(or C. fastigiatum or C. annuum)
(Also known as Cayenne Pepper, Bird Pepper and Chili Pepper)
Patty claims that, long ago, my eating habits burned off all of my taste buds! Hence, with my proclivity for piquant, hot foods it goes without saying that I absolutely love Tabasco Sauce. (This distinctive spicy sauce, long carried by all manner of soldiers to improve their rations was first created by Edmund McIhenny in 1668 on Avery Island in Louisiana and was originally distributed in old perfume bottles!)
In fact, when Patty and I were in Louisiana, for some nine months, assisting with the rebuilding following Hurricane Katrina – it was late on one Sunday afternoon that, while taking an afternoon off, I bought the seeds from whence their ancestor plants now grow in Ola Brisa Gardens (Accordingly, for more in-depth data I refer you to their site: www.tabasco.com/tabasco-products/how-itsmade/making-original-tabasco-sauce/ )
OK, right from the outset – from the Scoville Scale which is the official measurement of the pungency (or spicy heat) of peppers – let’s settle the question of just how hot Tabasco Peppers are in relation to their pepper kin.
Starting at the bottom, a Green Bell Pepper is zero. Pimentos and Pepperoncini are in the 100 to 500 range. Poblanos muddle along in the 1,000 to 1,500 area. Jalapeños (yum, yum) are but 2,500 to 8,000. Turning up the heat – so to speak – Scotch Bonnets and Habaneros burn in at 100,000 to 350,000. The famous Thai Ghost Pepper scalds around 855,000 to 1,041,427. While the Carolina Reaper (A brother-in-law, I suspect, of the Grim Reaper and which I suspect may melt titanium) is in the range of 1,400,000 to 2,200,000.
And we quibble with the paltry 30,000 to 50,000 Scoville points of the Tabasco/Cayenne Peppers. Sheesh!
The origin of these culinary gems is believed to be Central or South America.
As to the Tabasco plants themselves, they are compact, with stems growing between one and four feet (.3 – 1.2 meters) tall. Their stem grows straight up curving just before it touches the flower head. Their short, shrubby growth and large number of flowers make them ideal for containers/pots, so yes, you can have them on your patio!
Capsicum frutescens bushes often produce clusters of pods (peppers) growing just above their foliage and providing them with a rather attractive ornamental look. A single plant is capable of producing more than 100 peppers. Most are small, grow erect and are typically lanceoloid or ellipsoid-conical shaped. The flowers are white with a greenish yellow or greenish white corolla. The fruit are yellowish initially darkening as they mature turning red when ready for picking. In fact, in the Tabasco Sauce fields where they are hand-picked, a Petit Bâton Rouge, or “little red stick” is used as a guide. It is painted the color of a perfectly ripe tabasco pepper ensuring “only the ripest red peppers are picked.”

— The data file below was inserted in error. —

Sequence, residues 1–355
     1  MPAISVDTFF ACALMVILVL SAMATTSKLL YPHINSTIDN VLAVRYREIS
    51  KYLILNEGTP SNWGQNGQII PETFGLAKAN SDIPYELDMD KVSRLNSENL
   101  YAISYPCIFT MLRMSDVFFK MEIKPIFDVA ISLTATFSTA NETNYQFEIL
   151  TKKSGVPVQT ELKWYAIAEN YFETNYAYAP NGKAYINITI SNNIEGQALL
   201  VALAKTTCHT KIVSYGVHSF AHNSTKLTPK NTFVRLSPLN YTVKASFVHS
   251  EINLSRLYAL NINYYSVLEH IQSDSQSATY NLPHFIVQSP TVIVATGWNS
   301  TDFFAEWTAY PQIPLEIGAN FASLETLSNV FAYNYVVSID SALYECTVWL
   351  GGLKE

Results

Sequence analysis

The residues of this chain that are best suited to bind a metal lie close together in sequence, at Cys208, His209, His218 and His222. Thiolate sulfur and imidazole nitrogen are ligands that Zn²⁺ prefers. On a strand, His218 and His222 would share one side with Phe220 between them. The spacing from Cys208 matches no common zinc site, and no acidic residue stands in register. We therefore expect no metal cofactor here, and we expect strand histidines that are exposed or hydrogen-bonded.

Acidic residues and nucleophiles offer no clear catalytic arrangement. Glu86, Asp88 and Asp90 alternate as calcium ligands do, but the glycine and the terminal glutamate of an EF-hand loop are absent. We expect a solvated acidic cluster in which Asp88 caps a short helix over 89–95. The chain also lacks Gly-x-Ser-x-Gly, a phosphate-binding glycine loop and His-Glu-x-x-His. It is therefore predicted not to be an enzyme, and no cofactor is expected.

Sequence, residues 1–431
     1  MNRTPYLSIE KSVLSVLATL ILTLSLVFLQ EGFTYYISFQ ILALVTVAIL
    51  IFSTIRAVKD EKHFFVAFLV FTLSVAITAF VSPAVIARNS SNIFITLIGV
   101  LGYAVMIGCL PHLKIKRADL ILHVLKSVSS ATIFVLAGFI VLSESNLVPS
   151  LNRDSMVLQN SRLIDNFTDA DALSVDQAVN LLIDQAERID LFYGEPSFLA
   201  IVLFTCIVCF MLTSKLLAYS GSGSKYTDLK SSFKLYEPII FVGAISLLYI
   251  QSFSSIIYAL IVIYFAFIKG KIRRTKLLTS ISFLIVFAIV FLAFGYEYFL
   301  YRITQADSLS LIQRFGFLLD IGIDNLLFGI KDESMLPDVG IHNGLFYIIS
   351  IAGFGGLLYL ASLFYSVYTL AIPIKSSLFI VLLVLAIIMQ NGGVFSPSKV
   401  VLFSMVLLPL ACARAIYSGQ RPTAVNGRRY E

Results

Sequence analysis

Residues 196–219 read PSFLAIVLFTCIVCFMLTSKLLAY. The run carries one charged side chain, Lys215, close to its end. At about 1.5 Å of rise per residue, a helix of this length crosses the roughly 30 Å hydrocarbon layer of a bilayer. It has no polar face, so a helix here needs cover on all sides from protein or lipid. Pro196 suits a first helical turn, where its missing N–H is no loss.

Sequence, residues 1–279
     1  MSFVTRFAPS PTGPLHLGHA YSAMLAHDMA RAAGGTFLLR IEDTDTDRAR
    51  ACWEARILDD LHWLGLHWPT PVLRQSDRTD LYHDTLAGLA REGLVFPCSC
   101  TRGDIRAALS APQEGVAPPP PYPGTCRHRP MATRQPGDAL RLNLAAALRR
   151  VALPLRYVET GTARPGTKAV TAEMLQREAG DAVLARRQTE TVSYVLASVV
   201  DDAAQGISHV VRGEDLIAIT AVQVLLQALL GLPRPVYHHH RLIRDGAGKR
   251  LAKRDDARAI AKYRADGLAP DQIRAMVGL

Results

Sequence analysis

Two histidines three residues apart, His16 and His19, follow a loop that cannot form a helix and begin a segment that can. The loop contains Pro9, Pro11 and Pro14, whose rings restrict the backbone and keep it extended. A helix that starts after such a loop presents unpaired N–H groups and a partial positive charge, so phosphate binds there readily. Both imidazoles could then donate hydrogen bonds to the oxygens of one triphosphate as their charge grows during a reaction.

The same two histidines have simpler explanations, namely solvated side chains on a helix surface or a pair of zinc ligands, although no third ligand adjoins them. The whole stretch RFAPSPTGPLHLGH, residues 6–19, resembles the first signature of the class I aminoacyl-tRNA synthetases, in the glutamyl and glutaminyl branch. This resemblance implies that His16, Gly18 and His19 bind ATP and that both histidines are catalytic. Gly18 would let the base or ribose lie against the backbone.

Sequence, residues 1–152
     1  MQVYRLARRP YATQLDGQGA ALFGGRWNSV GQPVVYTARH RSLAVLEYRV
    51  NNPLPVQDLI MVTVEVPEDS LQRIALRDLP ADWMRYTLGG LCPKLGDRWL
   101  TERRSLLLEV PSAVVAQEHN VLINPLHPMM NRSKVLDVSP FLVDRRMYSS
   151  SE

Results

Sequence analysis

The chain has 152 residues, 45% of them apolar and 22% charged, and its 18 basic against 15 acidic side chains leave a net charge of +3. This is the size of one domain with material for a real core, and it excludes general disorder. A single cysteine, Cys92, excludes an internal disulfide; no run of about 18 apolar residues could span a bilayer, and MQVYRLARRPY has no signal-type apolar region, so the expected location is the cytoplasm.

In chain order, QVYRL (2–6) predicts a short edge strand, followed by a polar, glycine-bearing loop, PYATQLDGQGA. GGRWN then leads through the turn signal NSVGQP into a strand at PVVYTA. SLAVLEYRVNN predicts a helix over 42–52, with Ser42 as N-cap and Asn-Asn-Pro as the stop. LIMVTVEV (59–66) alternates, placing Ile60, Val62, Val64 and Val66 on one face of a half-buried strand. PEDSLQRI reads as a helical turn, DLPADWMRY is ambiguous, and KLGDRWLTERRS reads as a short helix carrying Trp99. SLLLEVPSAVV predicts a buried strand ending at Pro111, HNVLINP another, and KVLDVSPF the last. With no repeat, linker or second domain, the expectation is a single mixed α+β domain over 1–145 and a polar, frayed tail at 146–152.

As to cultures that savor these peppers, there is an abundance of these chilies is Ethiopian cuisine as well as Egyptian and Moroccan dishes but they are, worldwide, increasingly, becoming a favorite.
Like most other pepper plants, Tabasco Peppers enjoy heat and humidity and have little tolerance to drought. They grow best in moist, well-drained (a bit sandy), fertile – kept moist – soil enriched with organic matter. If you wish to grow them outdoors choose a location where they will get full sun.
For those interested in specifics, the source of the popular biting sensation in Capsicum frutescens are the capsaicinoids (principally capsaicin). Small, but packing culinary punch, they are an excellent source of vitamins A and C so why not pop one in your mouth every morning with your multi-vitamin. . . or not!
Powdery coatings are used with varying degrees of success in thwarting browsing of crops by animals and insects – though I have, so far, had no luck stopping iguana with such. But, by placement on their digits, children can be broken of thumb sucking and nail biting – Gee, ya’ think! With an active ingredient of capsaicin, pepper spray (2,000,000 to 5,300.000 on the Scoville Scale), is effectively used for protection by civilians and law enforcement alike.
It has numerous medicinal applications such as a salve to relieve muscle, joint, and toothache pain and can be employed as treatment of coughs, asthma, sore throats stomach aches, seasickness, and flatulence. And in days of yore, it was even used as an instrument of torture! (Now we’re back to stopping thumb sucking!)
Tommy Clarkson is a bit of a renaissance man. He’s lived and worked in locales as disparate as the 1.2 square mile island of Kwajalein to war-torn Iraq, from aboard he and Patty’s boat berthed out of Sea Bright, NJ to Thailand, Germany, Hawaii and Viet Nam; He’s taught classes and courses on creative writing and mass communications from the elementary grades to graduate level; He’s spoken to a wide array of meetings, conferences and assemblages on topics as varied as Buddhism, strategic marketing and tropical plants; In the latter category he and Patty’s recently book, “The Civilized Jungle” – written for the lay gardener – has been heralded as “the best tropical plant book in the last ten years”; And, according to Trip Advisor, their spectacular tropical creation - Ola Brisa Gardens – is the “Number One Tour destination in Manzanillo”.
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